Viola wasn’t the first instrument Richard O’Neill picked up, but it was the one that fit best.
An artist-in-residence at the University of Colorado Boulder and the newest member of the Takács Quartet, O’Neill was recently nominated for a Grammy Award — his third nomination since 2005.
O’Neill was nominated in the Best Classical Instrumental Solo category for his performance in “Concerto for Viola and Chamber Orchestra,” by composer Christopher Theofanidis. If he wins, it will be his first Grammy Award and only the second time a violist has won that category.
O’Neill said he isn’t sure who nominated him for the award, and it came as a surprise.
“When they announced I’d been nominated in that category, which has some of the world’s greatest soloists, I was really shocked,” he said.
While this is O’Neill’s first year at CU Boulder, his music career includes playing with the Chamber Music Society of Lincoln Center in New York City and philharmonics in London, Los Angeles and Seoul.
But his first instrument was the violin, which he started playing at age 5. When he was 15 and applying to a young artist program at the Olympic Music Festival, founder Alan Iglitzin told O’Neill there were already enough violinists, but had he thought about picking up viola?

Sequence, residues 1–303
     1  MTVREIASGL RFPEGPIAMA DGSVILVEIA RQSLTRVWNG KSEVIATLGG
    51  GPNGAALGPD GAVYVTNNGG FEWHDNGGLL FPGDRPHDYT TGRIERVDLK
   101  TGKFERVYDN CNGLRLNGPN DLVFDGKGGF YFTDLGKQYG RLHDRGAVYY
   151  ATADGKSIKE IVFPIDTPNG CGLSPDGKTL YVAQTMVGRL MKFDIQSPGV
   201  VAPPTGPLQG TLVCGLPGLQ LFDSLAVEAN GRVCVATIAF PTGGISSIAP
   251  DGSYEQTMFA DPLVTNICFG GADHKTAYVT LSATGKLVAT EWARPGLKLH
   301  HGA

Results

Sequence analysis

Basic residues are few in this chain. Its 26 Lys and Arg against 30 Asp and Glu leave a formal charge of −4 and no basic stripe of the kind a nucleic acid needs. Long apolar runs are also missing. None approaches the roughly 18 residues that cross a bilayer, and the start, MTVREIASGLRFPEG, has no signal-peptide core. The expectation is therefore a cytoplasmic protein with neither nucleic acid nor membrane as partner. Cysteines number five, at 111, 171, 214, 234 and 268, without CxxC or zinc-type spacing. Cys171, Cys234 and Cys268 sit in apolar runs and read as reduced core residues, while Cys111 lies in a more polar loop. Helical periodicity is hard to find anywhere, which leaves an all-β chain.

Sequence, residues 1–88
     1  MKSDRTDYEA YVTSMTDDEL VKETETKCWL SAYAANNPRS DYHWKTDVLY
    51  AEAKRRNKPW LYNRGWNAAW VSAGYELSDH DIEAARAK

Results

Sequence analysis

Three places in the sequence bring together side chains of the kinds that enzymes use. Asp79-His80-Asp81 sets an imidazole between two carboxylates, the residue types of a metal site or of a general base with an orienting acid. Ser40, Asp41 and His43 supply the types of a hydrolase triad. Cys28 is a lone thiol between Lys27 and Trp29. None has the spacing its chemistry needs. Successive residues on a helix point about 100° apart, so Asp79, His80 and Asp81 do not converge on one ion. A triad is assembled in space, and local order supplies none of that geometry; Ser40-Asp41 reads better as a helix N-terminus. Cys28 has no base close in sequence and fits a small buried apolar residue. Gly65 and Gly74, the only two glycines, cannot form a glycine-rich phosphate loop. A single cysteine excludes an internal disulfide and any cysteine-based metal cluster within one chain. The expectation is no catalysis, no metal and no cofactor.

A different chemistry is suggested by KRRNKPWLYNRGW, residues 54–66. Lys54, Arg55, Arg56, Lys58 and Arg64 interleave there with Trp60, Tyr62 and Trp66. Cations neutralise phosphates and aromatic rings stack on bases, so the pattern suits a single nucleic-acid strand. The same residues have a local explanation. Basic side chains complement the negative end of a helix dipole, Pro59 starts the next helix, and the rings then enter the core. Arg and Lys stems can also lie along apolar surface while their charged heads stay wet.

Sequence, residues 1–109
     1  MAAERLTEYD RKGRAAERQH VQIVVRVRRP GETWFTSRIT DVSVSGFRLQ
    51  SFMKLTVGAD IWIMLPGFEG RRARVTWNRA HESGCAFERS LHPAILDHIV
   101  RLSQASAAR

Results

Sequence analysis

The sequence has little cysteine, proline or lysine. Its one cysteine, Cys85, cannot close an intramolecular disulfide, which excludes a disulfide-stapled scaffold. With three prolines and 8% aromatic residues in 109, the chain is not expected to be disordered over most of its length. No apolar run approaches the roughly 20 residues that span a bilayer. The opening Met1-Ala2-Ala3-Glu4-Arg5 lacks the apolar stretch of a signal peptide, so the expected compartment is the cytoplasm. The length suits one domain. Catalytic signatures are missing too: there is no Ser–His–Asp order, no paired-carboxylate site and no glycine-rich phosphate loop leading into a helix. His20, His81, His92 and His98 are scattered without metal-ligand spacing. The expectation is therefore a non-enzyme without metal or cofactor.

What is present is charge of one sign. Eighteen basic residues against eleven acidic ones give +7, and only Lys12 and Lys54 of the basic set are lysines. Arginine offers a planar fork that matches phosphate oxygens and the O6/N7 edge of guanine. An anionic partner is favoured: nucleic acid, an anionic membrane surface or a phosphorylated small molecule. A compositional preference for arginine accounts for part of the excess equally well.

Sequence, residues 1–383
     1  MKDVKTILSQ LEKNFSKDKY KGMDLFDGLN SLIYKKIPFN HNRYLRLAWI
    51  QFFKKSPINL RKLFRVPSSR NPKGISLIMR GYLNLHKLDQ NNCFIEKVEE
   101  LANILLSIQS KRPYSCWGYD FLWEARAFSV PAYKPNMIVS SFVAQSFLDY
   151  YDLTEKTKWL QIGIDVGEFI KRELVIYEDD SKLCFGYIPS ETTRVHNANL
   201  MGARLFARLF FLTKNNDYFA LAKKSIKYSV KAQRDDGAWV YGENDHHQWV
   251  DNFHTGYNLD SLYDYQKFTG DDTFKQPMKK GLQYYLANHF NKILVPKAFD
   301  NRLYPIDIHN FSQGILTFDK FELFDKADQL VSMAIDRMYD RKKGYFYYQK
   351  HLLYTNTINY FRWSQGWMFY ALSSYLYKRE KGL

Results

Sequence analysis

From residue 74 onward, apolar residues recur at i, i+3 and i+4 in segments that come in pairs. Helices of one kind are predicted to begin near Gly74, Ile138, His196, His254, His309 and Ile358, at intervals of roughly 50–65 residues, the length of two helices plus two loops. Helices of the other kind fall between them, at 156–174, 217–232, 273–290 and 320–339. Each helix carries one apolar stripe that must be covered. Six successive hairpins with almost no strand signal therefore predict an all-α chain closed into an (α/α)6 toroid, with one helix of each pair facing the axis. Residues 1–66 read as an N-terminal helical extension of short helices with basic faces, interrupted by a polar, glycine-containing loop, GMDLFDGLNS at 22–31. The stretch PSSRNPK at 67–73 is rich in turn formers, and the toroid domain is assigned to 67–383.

O’Neill started playing and never put it down.
“About three years ago, Alan called me when I was playing a concert at the University of Washington and said, ‘I would like you to take my viola and play on it,’ and that’s the viola I play on still. He is a very important person to me,” O’Neill said.
It’s the same viola — a Gaspara de Salo — O’Neill played for “Concerto for Viola and Chamber Orchestra.”
“(Violin) is a glorious instrument, but the viola is my instrument. I think it fits me,” he said.
It’s been a strange first year at CU Boulder, O’Neill said, with lockdowns and coronavirus concerns. But he is still thrilled to be in Boulder.
“Takács is tremendous and not only one of the best quartets, but an institution,” he said. “Auditioning and being accepted into this wonderful group is really a life dream for any musician.”
O’Neill also mentors the graduate student Ivalas Quartet and has worked with associate professor of viola Erika Eckert to teach viola student studios when he can.
“I am so thankful for the community for being so supportive of the quartet and my own personal bubble as a musician,” he said. “Moving to Boulder in this time of shutdowns, I’ve personally witnessed a lot of incredible effort on the part of music students and I want to give them a shoutout for working so hard.”